Today a New York Judge will decide if Argentina absolutely must pay a group of hedge fund managers over $1.3 billion in bonds by July 31st, or if it can get a stay on payment until it negotiates and reaches an agreement with its holdout creditors.
"The Argentine government right now is playing with a lit match and holding it on the lit ends," said David Fernández, an attorney at Buchanan, Ingersoll & Rooney. "If there's no stay July 31st is going to come and go and there will be default."
That means The Republic could relive the nightmare of 2001, when inflation soared and the value of its currency plummeted.
The weird thing is, it seems like Argentines are ready for that. They've been through the abyss before and survived, though recovery is still ongoing.
"I do not know whats gonna happen," says Federico Zaldua an Argentina-based trader on Itau BBA's Latin America bond desk. "I guess we shall settle. If we don't and bond prices plunge I will buy much more [bonds]. We are all looking into 2015 already."
In 2015 — default of no — President Cristina Fernandez de Kirchner and her administration will be gone. All the alternatives are more market friendly. It's one of the reasons why hedge fund managers like Mike Novogratz of Fortress Investments and Dan Loeb of Third Point Partners have said they're ready to invest once Argentina hits bottom.
Whatever bottom may be.
For now, though, Argentina is looking backward. This case is a throw back to the last disaster when this group of hedge fund managers, lead by Elliott Management's Paul Singer, picked up these bonds on the cheap. Since then, they've refused to take haircut on the debt like the rest of bondholders. The holdouts want 100 cents on the dollar.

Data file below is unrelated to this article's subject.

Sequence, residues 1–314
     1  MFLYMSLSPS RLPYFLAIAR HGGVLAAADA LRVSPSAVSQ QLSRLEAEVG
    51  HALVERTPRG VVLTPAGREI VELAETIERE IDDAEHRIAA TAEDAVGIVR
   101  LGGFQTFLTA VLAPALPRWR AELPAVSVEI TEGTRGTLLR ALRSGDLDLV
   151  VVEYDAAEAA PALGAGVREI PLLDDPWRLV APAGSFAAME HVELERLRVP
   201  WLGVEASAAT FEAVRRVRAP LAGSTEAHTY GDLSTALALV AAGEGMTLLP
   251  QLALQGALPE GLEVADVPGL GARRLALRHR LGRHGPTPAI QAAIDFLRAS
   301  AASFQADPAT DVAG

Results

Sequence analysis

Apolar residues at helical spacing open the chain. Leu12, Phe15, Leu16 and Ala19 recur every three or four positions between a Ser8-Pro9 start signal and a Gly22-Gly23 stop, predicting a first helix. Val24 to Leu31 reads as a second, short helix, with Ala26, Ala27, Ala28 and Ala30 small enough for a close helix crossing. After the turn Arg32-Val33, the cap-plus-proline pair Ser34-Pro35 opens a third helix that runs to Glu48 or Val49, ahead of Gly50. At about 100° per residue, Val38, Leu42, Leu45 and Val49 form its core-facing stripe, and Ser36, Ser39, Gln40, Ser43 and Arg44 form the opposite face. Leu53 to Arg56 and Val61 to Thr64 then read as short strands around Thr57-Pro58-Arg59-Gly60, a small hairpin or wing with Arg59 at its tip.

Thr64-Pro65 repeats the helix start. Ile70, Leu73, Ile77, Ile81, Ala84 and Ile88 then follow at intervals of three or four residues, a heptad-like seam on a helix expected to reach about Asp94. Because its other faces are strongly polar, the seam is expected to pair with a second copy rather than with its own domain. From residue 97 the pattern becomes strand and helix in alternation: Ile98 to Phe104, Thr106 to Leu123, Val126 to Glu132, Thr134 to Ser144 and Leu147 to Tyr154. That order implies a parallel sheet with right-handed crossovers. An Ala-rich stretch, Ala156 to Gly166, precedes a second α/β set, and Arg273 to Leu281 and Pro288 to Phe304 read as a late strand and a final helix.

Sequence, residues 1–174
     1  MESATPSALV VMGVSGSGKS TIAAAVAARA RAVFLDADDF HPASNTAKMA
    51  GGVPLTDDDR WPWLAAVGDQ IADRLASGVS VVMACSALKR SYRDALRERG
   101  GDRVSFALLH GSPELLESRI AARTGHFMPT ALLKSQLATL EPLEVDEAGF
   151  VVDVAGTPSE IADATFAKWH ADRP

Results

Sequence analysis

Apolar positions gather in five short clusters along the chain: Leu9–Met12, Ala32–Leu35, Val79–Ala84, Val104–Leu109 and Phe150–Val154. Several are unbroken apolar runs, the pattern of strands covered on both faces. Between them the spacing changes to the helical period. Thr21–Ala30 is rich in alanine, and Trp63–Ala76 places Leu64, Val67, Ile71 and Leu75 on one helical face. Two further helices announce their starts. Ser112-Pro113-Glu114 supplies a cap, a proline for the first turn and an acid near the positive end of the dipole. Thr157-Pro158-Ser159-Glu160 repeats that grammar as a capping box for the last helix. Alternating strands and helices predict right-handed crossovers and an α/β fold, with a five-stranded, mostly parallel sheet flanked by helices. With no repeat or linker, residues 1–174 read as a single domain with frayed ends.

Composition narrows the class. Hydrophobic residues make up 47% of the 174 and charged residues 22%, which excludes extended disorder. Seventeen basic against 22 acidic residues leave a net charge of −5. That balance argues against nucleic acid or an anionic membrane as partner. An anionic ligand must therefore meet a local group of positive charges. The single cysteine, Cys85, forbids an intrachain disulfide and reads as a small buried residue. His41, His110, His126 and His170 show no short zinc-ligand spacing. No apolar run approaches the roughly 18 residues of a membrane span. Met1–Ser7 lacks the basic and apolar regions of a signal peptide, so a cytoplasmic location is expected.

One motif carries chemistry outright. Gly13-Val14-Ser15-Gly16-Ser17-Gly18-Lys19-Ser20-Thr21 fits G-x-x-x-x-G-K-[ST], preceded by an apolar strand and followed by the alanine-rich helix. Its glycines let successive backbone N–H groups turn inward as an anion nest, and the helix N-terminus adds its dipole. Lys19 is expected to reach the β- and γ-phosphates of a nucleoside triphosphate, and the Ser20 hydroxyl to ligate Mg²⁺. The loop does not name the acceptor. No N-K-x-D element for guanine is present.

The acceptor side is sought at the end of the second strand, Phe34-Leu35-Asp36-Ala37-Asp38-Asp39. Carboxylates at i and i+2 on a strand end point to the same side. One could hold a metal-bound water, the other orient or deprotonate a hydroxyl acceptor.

To Argentina, that makes the "vultures." That's why The Republic refused to pay up, appealing it's case all the way up to the Supreme Court of the United States and eventually losing this year.
Along the way, lower Court Judge Thomas Griesa — who has been on this case since the beginning — has lost patience time and time again. Even now Argentina's Economics Minister Axel Kicillof has met with the Judge several times and each time Kicillof refused to negotiate with holdouts.
Kicillof, and the government in general, say that according to a clause in their bond contract — the RUFO clause — they can't voluntarily negotiate with the holdouts. If they do, other bondholders automatically are entitled to the same rate they give the holdouts, meaning the Republic could have to shell out $15 billion.
The holdouts argue that at this point negotiations clearly are not voluntary.
Given this history, Judge Griesa has little reason to believe Argentina will negotiate in good faith. The Republic, as it has been through all this before, could very well decide to plow through it again.
"When they defaulted before was it the end of the world? No. Was it painful? Yes," said Fernández.
That said, Fernández doesn't buy that Argentina will be able to turn it around in 2015 simply by having a new government.
"Part of the problem is that they're not completely out from underneath the first time they did it [default]... there's a lot of countries that won't trade with them, a lot of countries that won't lend to them," said Fernández.
He continued: "If they cross the default line and they go there [this time] it doesn't matter if 2015 happens... there won't be any liquidity for them."
The disaster does not come all at once. Last time Argentina defaulted it took almost a year for the country to spin completely out of control. Maybe — if it pays by 2015 thereby not triggering the RUFO clause — the government believes that it will be able to stop the bleeding before that happens.
"Normal Argentineans will keep on suffering the ongoing inflation and lower activity level until expectations change and somebody comes up with a real anti inflationary program," said Zaldua.
The question is how long will that take?
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